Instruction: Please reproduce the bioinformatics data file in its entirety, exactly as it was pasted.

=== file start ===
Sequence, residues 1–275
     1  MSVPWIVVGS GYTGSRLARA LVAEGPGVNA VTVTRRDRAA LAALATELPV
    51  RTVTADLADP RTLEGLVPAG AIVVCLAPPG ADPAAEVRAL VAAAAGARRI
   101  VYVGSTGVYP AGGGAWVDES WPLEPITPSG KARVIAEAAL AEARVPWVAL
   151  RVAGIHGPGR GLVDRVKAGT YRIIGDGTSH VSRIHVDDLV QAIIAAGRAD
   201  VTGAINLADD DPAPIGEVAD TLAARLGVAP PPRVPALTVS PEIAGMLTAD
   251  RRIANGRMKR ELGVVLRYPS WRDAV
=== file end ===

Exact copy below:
Sequence, residues 1–275
     1  MSVPWIVVGS GYTGSRLARA LVAEGPGVNA VTVTRRDRAA LAALATELPV
    51  RTVTADLADP RTLEGLVPAG AIVVCLAPPG ADPAAEVRAL VAAAAGARRI
   101  VYVGSTGVYP AGGGAWVDES WPLEPITPSG KARVIAEAAL AEARVPWVAL
   151  RVAGIHGPGR GLVDRVKAGT YRIIGDGTSH VSRIHVDDLV QAIIAAGRAD
   201  VTGAINLADD DPAPIGEVAD TLAARLGVAP PPRVPALTVS PEIAGMLTAD
   251  RRIANGRMKR ELGVVLRYPS WRDAV